Having recently seen a charming middle school production of “Fiddler on the Roof” (featuring my talented niece, Katie) and a fine outing at Schenectady Light Opera Company, I sat in Pittsfield, arms crossed, thinking, “Enchant me again. I dare you.”
Well, I had to uncross my arms to applaud as vigorously as the others in the opening night audience — including lyricist Sheldon Harnick, the man who wrote the words to Jerry Bock’s memorable tunes. (Credit the late Joseph Stein for the book, based on stories by Sholom Aleichem.) BSC’s production is an unqualified hit.
It’s an indestructible piece, really, with serious ideas to further the story, and well-crafted musical numbers to reveal character and set the mood. Oh, and it’s also funny.
’Fiddler on the Roof’
WHERE: Barrington Stage Company, 30 Union St., Pittsfield, Mass.
WHEN: Through July 14
HOW MUCH: $62-$15
MORE INFO: 413-236-8888, www.barringtonstageco.org
How could it not be? There’s Tevye (Brad Oscar), a poor, devout Jewish dairyman who negotiates with God as he might a customer. He’s also the husband to a scold, Golde (Joanna Glushak) who, for her own sanity, keeps tabs on his whereabouts and punctures his pontificating. Add a know-it-all village matchmaker, Yente (Rachel Coloff), a doddering rabbi (Gordon Stanley) and various small-town types, and laughs are inevitable.
The setting is a Russian village, Anatevka, and the year is 1905. Tevye and Golde have five daughters, the oldest of whom, Tzeitel (Rebecca Kuznick), is of marriageable age. Yente identifies wealthy widower Lazar Wolf (Jason Simon) as a candidate, but when Tzeitel protests, Tevye relents, seeing that his daughter’s happiness is more important than tradition.
Indeed, it’s this concept — what to preserve and what to jettison in the face of a changing world — that is at the heart of most of the problems facing Tevye, some personal, some public. Snatches of the opening melody “Tradition” appear throughout to remind us of options one has when confronted by new social orders.
There are 27 members of the cast, a lineup so talented that you’re struck by, for example, the brief vocalizing of Travis Nesbitt as Fyedka and the pipes of Alexander Levin as Perchik in “Now I Have Everything.” The other leads — Stephanie Lynn Mason, Dawn Rother and Colin Israel — offer vivid characterizations, as does The Fiddler himself, Andrew Mayer, a violinist of the first rank.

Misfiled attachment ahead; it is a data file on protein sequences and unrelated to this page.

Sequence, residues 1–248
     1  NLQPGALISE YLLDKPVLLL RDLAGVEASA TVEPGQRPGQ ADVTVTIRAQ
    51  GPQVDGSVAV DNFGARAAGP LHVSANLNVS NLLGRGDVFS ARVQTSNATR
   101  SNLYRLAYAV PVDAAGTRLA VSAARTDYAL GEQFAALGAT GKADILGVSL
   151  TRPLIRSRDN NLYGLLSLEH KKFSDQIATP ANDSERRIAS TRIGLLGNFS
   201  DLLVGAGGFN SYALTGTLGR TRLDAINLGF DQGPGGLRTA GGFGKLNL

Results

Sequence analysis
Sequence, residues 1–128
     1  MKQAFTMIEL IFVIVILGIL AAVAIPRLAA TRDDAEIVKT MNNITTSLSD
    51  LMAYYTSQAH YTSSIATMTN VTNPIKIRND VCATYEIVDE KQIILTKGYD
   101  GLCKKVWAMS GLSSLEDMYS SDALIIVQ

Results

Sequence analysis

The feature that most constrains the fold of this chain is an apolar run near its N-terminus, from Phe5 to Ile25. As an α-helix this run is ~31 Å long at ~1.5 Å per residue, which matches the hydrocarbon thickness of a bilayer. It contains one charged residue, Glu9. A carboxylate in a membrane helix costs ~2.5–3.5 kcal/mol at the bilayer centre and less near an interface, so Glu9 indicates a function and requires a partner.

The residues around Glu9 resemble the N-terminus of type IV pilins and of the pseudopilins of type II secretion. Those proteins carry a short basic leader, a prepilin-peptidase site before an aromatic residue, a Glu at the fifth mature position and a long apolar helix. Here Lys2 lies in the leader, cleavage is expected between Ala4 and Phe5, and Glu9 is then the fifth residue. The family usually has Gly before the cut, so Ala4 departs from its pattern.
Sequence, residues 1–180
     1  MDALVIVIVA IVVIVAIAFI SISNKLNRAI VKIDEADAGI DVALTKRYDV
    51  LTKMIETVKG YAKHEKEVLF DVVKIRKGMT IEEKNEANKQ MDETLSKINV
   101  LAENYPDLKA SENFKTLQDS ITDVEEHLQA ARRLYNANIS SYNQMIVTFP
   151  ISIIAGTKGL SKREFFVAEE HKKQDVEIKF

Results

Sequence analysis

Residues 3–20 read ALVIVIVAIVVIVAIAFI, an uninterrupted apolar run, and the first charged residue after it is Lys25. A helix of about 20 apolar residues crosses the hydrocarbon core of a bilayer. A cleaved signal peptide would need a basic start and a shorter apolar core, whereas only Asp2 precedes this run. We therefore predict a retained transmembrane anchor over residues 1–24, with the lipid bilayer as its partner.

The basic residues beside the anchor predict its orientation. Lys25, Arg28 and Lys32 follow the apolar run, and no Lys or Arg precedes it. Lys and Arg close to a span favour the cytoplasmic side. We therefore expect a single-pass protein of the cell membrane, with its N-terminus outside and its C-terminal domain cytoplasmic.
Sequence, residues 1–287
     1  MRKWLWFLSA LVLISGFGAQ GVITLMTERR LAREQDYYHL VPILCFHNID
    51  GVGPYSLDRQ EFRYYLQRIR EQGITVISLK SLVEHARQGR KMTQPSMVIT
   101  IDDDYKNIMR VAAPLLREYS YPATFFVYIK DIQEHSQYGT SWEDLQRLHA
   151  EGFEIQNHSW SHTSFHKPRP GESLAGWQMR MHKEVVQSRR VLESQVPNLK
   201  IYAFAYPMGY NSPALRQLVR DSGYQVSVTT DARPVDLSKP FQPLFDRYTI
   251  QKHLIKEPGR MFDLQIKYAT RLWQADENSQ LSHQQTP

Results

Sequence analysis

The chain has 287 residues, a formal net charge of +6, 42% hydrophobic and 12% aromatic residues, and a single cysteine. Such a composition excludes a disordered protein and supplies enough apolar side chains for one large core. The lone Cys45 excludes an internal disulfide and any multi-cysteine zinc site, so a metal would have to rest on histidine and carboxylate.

Director/choreographer Gary John La Rosa has staged the big production numbers that dominate Act 1 as sharply detailed snapshots of village life: “Sabbath Prayer,” “To Life,” the hilarious “The Dream,” and the entire wedding sequence are set pieces so brilliantly executed you’d like to push the rewind button. His work is complemented by that of the musical director, Darren Cohn and his nine-piece orchestra (love the accordion).
From the first words out of her mouth, Glushak makes Golde a flinty sort — tough on her kids, her husband. Why? She was matched to Tevye, so life hasn’t involved many choices. She’s poor, making do with what she has and, being a product of her culture, she focuses on the future of her daughters. But when Golde softens — at the wedding, in “Do You Love Me?” and “Anatevka” — we see this woman’s noble spirit. It’s a subtle and memorable performance.
As for Oscar, well, like Zero Mostel and Nathan Lane, he has played Tevye and Max Bialystock (in “The Producers”). If I say that those two worthies came to mind on Sunday, it’s not because Oscar is a knockoff. No. He’s simply in the tradition of the great clown princes, those actors of the broad take, impeccable timing, for comic and serious effect, and joyous interaction with the audience.
Such an astute and go-for-broke performance, supported by a voice that could sell a song even if Oscar’s arms were pinned at his sides. Thank God they’re not!
You couldn’t start off your musical theater summer any better than with a trip to Barrington Stage.